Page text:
Taking a Knee on Campus

By Inside Higher Ed

September 29, 2017

Taking a Knee

It's unclear if college football players will follow the lead of players across the National Football League who protested by kneeling or locking arms during the national anthem before games Sunday and Monday. But the past week has already seen multiple instances of students, faculty and staff taking a knee in an effort to replicate former San Francisco 49ers quarterback Colin Kaepernick’s original protest, which started last year and is aimed at protesting racism and police brutality.

While those involved in college athletics might face obstacles - logistical or otherwise - if they’re seeking to protest, students, faculty and staff members have taken the protest off the field since Kaepernick’s original protest caught on among NFL players and other professional athletes.

Though other NFL players, as well as members of the WNBA's Indiana Fever and Phoenix Mercury, joined Kaepernick last year, the protests did not previously occur on the wide scale seen Sunday, after Trump on Twitter demanded that players who protested during the anthem be fired.

Sunday’s protests were one of the inspirations for Dana Greene Jr., a graduate student at Michigan, to take a knee in front of an American flag on campus from 7 a.m. Monday until 3:30 a.m. Tuesday, in a protest that drew hundreds of others throughout the day who knelt in solidarity with him.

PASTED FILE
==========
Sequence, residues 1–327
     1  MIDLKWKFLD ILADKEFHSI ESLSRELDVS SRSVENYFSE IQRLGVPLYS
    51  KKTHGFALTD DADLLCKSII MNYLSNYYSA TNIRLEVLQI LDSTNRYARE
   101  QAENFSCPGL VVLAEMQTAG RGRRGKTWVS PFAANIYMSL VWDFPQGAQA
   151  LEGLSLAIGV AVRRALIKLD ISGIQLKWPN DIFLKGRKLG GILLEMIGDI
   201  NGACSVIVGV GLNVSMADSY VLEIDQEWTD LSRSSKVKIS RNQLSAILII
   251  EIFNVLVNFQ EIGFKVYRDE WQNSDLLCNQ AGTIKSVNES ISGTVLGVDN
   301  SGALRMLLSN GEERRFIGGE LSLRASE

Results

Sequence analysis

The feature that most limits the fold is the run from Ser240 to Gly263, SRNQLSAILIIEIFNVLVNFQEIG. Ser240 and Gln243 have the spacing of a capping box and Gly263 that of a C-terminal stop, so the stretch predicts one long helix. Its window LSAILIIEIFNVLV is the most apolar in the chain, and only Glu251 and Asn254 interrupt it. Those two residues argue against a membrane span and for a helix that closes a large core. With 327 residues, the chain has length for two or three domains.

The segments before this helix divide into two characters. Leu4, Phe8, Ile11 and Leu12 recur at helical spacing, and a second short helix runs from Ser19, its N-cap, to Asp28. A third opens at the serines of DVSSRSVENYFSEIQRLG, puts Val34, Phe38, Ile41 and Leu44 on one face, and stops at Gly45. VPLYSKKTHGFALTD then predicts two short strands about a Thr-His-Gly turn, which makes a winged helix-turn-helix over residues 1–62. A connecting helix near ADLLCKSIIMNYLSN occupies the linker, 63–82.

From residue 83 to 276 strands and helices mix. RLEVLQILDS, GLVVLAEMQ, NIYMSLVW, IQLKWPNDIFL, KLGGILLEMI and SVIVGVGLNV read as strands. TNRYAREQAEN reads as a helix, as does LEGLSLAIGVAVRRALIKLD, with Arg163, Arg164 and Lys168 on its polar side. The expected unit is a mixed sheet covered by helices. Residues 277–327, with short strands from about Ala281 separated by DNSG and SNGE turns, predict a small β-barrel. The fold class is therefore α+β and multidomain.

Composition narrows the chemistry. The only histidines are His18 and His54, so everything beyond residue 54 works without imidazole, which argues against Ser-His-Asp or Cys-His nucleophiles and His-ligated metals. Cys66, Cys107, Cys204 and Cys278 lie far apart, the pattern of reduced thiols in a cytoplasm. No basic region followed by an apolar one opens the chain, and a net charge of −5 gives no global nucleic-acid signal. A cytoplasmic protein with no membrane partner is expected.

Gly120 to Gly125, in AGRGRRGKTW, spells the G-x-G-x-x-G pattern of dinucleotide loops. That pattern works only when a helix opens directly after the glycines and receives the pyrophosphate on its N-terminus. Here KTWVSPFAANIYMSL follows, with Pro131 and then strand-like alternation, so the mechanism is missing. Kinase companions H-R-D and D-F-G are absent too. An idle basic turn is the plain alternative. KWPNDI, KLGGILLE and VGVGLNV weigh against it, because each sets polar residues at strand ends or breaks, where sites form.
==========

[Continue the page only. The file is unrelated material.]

“My knees feel like crap, my body hurts,” he told Inside Higher Ed Tuesday afternoon. “You would think I’d be dead exhausted, and I was, but I also feel energized.”

Greene said he was protesting against specific instances of racist graffiti and anti-Muslim rhetoric on campus, but also against injustice against people from marginalized or minority groups.

Greene said he felt supported on campus, though not everyone agreed with him. He noted a conversation he had while kneeling with a student who thought his protest was disrespectful since it was in front of the flag. Although they didn’t come to a consensus, Greene said he was happy they could talk about it respectfully, and that the student wanted to learn why he was protesting.

“The idea of America is a great one, and I believe in it, but in our current state of affairs, we’re not living up to it,” Greene said. “For the first time in my life, I feel like we’re taking a step back. We can do better.”

The controversy around protesting by taking a knee in front of the American flag or during the national anthem, Greene said, needs to be unpacked as well.

“If we’re more upset about how people are protesting and not why they’re protesting, then that’s part of the problem,” he said.

Read more: Taking a Knee on Campus 

This article was originally published on Inside Higher Ed.

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